View a Nation Slide Show of excerpts of the graphic novel, Waltz with Bashir here.
A disclaimer: A decade ago, while serving in the Israel Defense Forces, a bit of my behind was blown off in Lebanon. When it comes to war, then, and to that particular country, I’m not exactly objective.
But stepping out of a screening of Waltz with Bashir, Ari Folman’s masterful film, a few weeks ago, and immediately reaching for my iPhone to look up the latest news from Gaza, I felt a deep, seething anger lock arms with terrible despair and march defiantly down my throat. The movie, I thought, just taught me an awful lesson about my native country.
It wasn’t anything having to do with the 1982 massacre in Sabra and Shatila, the focus of the film’s final, ghoulish scenes. It wasn’t the needless loss of life. It wasn’t even the war.
What made me sick was the realization, simple and searing, that the Israeli public that heaped praise on Waltz with Bashir and selected it, in a recent survey, as the third most-favorite Israeli film of all time, the very same public–71 percent, according to a recent survey by the Israeli newspaper Ha’aretz–was ignoring every one of the film’s harrowing lessons and once again unequivocally supporting an aimless military campaign, its goals unclear and its potential for rapid and incontrollable escalation vast.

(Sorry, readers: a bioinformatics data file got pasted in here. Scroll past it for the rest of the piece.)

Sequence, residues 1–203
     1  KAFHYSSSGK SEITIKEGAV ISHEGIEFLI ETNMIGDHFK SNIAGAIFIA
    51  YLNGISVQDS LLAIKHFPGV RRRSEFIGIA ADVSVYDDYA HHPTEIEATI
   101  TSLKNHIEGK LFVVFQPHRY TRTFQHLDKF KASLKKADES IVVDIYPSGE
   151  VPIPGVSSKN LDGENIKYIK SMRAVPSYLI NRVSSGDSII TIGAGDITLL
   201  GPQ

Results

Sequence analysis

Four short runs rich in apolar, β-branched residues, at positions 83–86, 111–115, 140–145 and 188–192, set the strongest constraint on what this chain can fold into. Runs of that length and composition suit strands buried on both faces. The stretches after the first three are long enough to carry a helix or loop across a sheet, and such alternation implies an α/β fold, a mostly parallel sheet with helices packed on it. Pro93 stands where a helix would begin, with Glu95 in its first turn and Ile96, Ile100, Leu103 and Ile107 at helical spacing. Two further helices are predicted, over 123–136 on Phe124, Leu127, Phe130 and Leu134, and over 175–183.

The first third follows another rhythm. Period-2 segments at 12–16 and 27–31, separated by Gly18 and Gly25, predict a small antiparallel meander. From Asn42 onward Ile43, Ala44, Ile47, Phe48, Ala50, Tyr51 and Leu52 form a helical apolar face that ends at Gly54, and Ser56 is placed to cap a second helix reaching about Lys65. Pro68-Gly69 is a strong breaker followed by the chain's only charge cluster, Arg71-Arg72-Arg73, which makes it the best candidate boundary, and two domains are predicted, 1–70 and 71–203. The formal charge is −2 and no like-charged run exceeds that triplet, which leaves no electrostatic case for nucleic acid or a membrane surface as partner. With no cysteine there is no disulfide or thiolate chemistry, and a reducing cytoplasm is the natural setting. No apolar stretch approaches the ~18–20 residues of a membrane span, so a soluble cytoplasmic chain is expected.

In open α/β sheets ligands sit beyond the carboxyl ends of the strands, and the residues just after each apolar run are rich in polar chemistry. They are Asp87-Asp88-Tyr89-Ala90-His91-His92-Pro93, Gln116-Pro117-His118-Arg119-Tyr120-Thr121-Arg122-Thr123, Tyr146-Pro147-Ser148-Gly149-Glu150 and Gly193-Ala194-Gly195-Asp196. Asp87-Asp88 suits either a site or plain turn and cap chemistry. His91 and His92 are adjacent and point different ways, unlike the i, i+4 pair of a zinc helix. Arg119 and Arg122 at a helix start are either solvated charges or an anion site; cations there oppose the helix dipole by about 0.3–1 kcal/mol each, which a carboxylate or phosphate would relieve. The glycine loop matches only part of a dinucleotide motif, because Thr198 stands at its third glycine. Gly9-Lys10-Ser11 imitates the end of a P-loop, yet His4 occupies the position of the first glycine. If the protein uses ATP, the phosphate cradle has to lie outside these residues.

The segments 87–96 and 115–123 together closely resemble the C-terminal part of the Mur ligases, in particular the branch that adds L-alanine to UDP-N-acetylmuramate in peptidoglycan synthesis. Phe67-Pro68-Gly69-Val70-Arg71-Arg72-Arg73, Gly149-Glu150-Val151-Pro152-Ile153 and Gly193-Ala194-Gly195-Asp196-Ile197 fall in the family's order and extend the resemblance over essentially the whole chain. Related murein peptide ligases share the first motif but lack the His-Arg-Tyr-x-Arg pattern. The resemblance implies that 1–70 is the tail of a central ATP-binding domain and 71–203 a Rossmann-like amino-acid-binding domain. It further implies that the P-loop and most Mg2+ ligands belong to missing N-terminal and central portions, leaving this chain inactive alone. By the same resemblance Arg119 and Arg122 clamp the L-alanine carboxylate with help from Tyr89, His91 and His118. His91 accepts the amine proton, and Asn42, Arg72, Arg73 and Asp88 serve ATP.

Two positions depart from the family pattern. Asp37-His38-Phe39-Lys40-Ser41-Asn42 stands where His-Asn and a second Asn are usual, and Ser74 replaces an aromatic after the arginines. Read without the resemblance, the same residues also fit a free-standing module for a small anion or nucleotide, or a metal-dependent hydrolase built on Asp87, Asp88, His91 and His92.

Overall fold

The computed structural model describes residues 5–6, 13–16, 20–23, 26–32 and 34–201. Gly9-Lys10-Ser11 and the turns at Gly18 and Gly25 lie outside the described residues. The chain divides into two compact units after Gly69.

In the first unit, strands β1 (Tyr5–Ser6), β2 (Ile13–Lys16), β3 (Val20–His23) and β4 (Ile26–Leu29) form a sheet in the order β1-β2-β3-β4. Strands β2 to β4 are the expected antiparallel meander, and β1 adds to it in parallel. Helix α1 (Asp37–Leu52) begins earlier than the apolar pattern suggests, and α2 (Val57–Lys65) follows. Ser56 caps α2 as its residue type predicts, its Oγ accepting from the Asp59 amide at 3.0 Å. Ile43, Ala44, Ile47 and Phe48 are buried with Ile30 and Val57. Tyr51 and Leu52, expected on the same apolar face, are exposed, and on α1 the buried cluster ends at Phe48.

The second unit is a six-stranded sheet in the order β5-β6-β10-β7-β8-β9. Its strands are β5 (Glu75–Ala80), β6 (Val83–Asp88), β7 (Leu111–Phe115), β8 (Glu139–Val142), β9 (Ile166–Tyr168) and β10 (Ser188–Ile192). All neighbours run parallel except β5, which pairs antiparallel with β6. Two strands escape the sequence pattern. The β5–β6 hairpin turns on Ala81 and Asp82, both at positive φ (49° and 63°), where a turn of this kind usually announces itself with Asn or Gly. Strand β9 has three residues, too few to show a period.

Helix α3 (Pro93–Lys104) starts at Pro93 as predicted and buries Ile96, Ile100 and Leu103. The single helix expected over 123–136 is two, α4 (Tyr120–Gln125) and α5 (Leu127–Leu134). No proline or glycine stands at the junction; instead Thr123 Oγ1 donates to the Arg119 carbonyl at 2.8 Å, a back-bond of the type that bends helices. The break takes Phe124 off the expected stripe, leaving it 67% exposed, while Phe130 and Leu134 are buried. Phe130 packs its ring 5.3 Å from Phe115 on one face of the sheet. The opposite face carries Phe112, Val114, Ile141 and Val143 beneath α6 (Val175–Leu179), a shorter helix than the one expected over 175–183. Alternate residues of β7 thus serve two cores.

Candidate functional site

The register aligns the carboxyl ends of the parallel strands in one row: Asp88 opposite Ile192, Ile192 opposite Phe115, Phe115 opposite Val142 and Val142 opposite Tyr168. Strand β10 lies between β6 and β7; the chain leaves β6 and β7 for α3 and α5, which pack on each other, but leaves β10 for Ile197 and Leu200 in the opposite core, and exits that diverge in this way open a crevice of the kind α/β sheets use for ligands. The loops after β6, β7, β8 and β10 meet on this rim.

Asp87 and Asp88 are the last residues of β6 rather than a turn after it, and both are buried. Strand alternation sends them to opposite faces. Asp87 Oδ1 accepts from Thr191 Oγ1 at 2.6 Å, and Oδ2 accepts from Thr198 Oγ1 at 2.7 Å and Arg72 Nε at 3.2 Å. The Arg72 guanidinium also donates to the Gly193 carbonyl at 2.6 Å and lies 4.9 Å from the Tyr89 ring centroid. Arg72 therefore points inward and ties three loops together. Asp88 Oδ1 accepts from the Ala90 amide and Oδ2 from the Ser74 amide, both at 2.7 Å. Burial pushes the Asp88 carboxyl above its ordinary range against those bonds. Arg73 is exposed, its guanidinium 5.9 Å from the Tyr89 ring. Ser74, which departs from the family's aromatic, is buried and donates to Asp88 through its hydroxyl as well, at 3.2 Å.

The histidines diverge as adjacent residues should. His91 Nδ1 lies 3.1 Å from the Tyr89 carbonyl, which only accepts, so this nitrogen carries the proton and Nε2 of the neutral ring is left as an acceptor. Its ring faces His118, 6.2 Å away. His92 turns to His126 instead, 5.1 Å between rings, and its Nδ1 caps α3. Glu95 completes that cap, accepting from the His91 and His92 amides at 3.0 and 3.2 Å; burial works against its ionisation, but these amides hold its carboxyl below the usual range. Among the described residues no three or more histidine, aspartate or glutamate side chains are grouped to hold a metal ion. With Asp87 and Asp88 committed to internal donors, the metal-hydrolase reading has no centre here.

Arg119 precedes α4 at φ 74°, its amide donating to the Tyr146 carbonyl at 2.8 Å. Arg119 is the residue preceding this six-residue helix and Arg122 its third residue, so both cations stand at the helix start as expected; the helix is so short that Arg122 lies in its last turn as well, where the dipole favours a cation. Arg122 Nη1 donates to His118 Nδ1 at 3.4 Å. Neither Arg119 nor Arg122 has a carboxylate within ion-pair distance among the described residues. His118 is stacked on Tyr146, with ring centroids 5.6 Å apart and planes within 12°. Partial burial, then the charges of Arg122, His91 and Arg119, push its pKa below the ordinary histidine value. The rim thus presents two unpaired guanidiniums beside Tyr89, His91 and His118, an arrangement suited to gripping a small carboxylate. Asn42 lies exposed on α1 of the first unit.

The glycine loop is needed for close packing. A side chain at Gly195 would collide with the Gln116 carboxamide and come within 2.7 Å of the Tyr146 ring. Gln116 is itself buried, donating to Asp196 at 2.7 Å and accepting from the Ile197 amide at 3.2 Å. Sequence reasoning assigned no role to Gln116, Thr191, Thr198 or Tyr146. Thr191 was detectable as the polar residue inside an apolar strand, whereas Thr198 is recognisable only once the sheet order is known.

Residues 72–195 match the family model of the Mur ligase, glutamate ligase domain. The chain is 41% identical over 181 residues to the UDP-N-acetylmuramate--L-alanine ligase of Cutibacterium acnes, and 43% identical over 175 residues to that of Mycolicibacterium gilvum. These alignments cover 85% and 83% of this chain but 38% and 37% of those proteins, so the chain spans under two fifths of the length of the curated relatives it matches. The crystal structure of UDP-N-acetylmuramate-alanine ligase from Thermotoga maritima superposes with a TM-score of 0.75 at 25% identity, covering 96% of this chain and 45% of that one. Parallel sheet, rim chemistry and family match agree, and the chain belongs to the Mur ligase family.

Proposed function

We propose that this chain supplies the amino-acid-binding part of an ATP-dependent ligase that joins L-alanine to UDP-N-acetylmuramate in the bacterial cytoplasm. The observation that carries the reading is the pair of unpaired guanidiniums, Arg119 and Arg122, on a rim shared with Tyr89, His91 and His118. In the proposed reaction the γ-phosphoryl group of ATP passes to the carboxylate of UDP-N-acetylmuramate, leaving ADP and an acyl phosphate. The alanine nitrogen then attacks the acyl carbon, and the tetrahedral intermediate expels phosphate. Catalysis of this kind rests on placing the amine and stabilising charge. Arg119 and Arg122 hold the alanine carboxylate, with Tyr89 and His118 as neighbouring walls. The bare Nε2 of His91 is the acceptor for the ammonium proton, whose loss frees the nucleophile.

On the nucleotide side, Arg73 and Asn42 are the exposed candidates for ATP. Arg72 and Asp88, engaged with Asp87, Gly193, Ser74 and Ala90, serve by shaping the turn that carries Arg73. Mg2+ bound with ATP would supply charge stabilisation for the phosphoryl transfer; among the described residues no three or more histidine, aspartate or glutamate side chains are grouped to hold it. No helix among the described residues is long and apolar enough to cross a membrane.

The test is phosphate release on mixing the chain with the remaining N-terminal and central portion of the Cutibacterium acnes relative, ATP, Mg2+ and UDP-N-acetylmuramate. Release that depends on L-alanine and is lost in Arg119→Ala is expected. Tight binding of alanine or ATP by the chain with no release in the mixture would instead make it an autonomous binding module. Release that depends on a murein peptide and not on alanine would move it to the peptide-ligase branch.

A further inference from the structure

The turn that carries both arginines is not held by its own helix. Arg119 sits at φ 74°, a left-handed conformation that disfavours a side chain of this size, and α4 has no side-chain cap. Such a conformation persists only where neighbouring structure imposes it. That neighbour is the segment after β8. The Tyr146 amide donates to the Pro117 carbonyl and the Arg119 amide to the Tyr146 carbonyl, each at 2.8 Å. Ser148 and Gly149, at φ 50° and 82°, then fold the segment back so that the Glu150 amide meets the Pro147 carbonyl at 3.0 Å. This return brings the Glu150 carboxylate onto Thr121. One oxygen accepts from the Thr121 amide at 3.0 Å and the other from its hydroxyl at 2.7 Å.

Anyone seeking some insight into Israeli society’s reactions to the newfangled war against Hamas, however, would be well advised to examine Israel’s previous violent escapade, the one that echoed the events portrayed in Waltz with Bashir so eerily that it instantly earned the moniker “Lebanon II.”
In September 2006, slightly more than a month after that war finally died down, along with nearly 1,800 Lebanese and more than 160 Israelis, public opinion polls asked Israelis to ascertain whether or not they were satisfied with Ehud Olmert; 68 percent responded that they were unhappy with the prime minister’s conduct.
This, in and of itself, made perfect sense: surely the same people who praised Waltz with Bashir for its courageous and unremitting examination of Israel’s bumbled, senseless and morally repugnant entanglement in Lebanon in 1982 would disapprove of any leader who orchestrated a similarly flawed and inexcusable excursion in 2006. And surely the same people, when asked today whom they would rather see at the state’s helm, would pine for a responsible, levelheaded and moderate politician, one who could guarantee that no similar violent escapades lay on the horizon. Surely.